The main reason I have often advocated for a youth movement and rebuilding process to hurry up and get started is because it takes so darn long. One of the main issues I’ve encountered when discussing the Diamondbacks minor league system and how long it will take to become competitive again is communicating clearly just how long it takes for players to develop into above average, every day major leaguers. We often see and use the phrase “ETA” when talking about prospects. But typically there isn’t much positive impact by these players initially.
Sure, there are stars like Juan Soto or Fernando Tatis Jr that have an impact almost right away at a very young age. But they are by far the vast minority. And even those two didn’t get enough playing time in their first major league season to qualify for the batting title.
Even Vlad Guerrero Jr, who DID qualify for the batting title his first two seasons while still extremely young, took until his 3rd season in the majors to become a breakout star. Prior to that, he was “only” an average major leaguer despite playing enough to qualify for the batting title. That’s nothing to sneeze at when you are called up that young, but generally it takes more than one young player being above average and playing every day to start moving the needle towards contending for the playoffs.
So before talking about quality, let’s talk about quantity. Due to survivor bias, when we talk about playing time, quantity generally but not always equals quality. Or at least enough of quality to justify playing a 1st or 2nd or 3rd year player nearly every day. Obviously this will vary from organization to organization, depending on their payroll budgets and where they are in the success cycle. But just to keep this as simple as possible, we’re going to look at how many players had enough PA to qualify for the batting title or IP to qualify for the ERA title. We are going to focus on the population of players in their 1st, 2nd, and 3rd year in the league in total and as a percentage of the MLB population reaching those levels.
Batting Title Qualification requires 3.1 PA for each scheduled game. In a 162 Game season that equals 502 PA
This should be pretty straight forward. There are usually around 140 players to qualify for the batting title each year, although this has been trending downward. (Had 2020 been a full season that number would have dropped under 140 due to attrition). 1st year players make up a minuscule amount of these. That number increases gradually, but even through year 3 these players still make up less than 20% of all major leaguers getting near full time playing opportunity.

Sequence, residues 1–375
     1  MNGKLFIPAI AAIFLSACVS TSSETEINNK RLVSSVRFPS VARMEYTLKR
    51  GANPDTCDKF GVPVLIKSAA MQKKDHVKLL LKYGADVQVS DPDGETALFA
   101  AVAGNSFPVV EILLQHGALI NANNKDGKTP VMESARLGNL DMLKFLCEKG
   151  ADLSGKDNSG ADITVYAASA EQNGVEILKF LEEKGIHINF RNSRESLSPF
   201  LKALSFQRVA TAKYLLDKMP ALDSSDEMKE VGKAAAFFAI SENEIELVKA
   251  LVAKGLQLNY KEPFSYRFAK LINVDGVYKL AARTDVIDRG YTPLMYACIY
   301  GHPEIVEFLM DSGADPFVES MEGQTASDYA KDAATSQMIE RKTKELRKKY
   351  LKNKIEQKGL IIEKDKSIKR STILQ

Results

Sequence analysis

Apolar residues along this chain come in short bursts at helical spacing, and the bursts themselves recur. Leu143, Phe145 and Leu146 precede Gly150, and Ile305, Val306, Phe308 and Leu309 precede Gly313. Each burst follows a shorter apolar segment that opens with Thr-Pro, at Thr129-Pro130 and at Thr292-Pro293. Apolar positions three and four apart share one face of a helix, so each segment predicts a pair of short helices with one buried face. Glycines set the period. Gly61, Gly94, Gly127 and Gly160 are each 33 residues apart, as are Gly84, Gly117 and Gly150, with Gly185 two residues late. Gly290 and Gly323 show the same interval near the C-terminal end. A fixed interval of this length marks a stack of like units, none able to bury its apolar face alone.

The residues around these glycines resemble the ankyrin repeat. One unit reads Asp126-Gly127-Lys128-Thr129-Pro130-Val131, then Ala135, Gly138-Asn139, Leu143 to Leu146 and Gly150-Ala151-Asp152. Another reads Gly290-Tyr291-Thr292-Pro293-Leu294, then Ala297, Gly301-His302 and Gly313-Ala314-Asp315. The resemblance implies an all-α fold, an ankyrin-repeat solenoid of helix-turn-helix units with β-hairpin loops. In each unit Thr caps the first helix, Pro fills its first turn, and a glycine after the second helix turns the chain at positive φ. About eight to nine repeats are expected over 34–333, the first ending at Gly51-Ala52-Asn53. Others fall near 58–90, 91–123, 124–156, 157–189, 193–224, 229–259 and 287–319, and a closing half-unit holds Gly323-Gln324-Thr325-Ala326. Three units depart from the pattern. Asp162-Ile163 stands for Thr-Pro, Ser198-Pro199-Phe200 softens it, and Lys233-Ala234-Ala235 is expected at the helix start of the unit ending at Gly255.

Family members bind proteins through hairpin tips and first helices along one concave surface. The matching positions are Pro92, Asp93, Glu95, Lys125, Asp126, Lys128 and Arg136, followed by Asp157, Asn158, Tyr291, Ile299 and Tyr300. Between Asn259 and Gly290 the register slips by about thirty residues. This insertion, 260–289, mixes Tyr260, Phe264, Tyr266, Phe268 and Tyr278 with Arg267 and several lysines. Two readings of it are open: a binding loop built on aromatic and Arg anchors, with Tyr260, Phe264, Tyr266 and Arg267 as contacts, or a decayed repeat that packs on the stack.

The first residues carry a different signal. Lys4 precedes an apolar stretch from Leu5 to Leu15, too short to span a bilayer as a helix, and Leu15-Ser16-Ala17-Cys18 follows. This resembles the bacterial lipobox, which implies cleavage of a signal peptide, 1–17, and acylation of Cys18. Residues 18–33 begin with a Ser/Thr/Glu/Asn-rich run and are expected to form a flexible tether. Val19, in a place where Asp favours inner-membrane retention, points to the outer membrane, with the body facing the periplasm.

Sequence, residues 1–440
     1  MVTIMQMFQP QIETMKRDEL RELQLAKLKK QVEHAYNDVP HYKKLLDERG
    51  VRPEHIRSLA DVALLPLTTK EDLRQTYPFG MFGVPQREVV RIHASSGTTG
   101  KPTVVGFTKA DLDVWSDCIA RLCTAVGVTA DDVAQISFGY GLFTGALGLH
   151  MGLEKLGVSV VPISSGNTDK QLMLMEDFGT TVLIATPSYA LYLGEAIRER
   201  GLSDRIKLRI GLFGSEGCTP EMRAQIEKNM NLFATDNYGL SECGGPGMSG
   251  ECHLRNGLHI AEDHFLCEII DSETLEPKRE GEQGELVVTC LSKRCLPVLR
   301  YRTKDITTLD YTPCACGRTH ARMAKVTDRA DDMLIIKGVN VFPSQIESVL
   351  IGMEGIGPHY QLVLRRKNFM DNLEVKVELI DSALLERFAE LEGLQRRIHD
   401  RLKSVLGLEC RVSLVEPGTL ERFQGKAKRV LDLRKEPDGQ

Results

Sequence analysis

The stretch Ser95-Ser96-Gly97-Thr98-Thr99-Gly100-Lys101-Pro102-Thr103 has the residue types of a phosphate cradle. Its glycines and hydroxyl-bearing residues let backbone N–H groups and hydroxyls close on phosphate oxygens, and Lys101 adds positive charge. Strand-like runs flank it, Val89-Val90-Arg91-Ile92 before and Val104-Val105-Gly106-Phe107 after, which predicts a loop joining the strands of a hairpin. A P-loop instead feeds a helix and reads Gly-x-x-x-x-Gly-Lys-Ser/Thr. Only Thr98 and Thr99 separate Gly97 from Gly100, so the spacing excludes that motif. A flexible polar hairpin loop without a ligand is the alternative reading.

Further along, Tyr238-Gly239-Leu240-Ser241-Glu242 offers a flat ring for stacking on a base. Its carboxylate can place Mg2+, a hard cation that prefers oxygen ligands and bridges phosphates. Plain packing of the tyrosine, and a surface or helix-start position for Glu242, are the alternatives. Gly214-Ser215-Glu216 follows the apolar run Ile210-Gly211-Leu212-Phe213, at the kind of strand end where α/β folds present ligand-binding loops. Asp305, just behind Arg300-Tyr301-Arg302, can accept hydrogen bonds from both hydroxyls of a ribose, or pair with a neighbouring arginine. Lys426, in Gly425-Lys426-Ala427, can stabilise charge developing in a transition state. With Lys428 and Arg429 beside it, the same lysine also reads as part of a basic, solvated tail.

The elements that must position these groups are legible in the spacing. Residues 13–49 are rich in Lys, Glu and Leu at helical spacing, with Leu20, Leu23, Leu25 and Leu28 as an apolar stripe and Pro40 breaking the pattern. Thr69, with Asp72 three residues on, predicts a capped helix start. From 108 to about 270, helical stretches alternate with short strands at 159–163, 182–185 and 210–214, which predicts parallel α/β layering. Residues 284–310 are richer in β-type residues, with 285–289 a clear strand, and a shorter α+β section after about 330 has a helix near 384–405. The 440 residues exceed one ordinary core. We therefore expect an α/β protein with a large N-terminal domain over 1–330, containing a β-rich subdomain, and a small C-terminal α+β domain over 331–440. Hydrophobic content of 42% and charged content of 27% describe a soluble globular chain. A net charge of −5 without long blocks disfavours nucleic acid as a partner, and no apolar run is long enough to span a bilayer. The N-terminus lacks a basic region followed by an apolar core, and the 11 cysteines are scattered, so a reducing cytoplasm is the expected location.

The Diamondbacks have only had a first year player qualify twice in franchise history, 1998 Travis Lee and 2004 Chad Tracy . Pavin Smith has been the only player to qualify in his 2nd season in the Mike Hazen/Torey Lovullo era and there have only been 10 second year players in franchise history to qualify. Josh Rojas is the one and only 3rd year player to qualify since 2017, and there have only been 10 of those in franchise history as well.
Obviously you need good prospects to justify putting them on the field, and in the first 2-3 years of Hazen’s tenure the organization just didn’t have the horses to promote. But clearly, we need to temper our expectations when it comes to the position player prospects coming up and getting significant playing time. It’s not just about “ETA”, it’s about how long before they can play every day and start making a real impact. A good rule of thumb is simply to look at ETA + 3 years.
ERA Title Qualification requires 1 IP for each scheduled game, or 162 IP for a full MLB schedule.
Obviously I’m only looking at starting pitchers in this instance and the number of overall ERA title qualifiers has dropped dramatically over the last few seasons due to changes in how bullpens are deployed. But this still helps illustrate what I’m talking about above, but from the pitching side:
It’s interesting to note that the percentage of pitchers getting to ERA title qualification mirrors the hitter percentage almost exactly. The Diamondbacks have a number of up and coming starting pitching prospects. But how long will it take for them to get up to 162 IP ? Even without injury, it usually takes more than 2-3 years for most young pitchers to get there. The Diamondbacks have had just two pitchers qualify in their first year, Brandon Webb in 2003 and Merrill Kelly in 2019, and Merrill was obviously a special case, having been a full time starter in Korea the 3 years prior with an already built up workload. The Dbacks have had only 5 pitchers qualify in their 2nd year, most recently Zac Gallen in Pandemic shortened 2020. Sadly, the number of 3rd year Dbacks pitchers to qualify is even lower, at just 4.
So I believe the evidence is clear. Before we even begin to project or speculate how good a prospect may be, we need to temper our expectations for how much they can move the needle towards playoff contention within their first 3 years of arrival in the major leagues. You can’t have impact if you don’t get to play and in the Mike Hazen era he’s opted to give almost all the paying time to veterans. It’s time for a dramatic shift.
The only way to speed things up is let the kids play as much as possible and see who develops. There will be bumps in the road, and 2022 could be ugly in the W-L record by doing so, but if they want to have a team capable of contending by 2024, this is what they have to do. Stop stalling and get on with it !